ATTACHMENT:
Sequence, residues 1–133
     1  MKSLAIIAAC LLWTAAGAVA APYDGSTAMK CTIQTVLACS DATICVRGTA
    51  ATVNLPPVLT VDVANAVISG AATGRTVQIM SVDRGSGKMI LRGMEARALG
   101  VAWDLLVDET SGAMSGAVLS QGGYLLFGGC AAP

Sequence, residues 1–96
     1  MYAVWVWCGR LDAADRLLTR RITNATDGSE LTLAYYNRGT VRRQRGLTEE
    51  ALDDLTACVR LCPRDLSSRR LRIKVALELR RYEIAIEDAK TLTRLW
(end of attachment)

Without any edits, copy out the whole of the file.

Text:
Sequence, residues 1–133
     1  MKSLAIIAAC LLWTAAGAVA APYDGSTAMK CTIQTVLACS DATICVRGTA
    51  ATVNLPPVLT VDVANAVISG AATGRTVQIM SVDRGSGKMI LRGMEARALG
   101  VAWDLLVDET SGAMSGAVLS QGGYLLFGGC AAP

Sequence, residues 1–96
     1  MYAVWVWCGR LDAADRLLTR RITNATDGSE LTLAYYNRGT VRRQRGLTEE
    51  ALDDLTACVR LCPRDLSSRR LRIKVALELR RYEIAIEDAK TLTRLW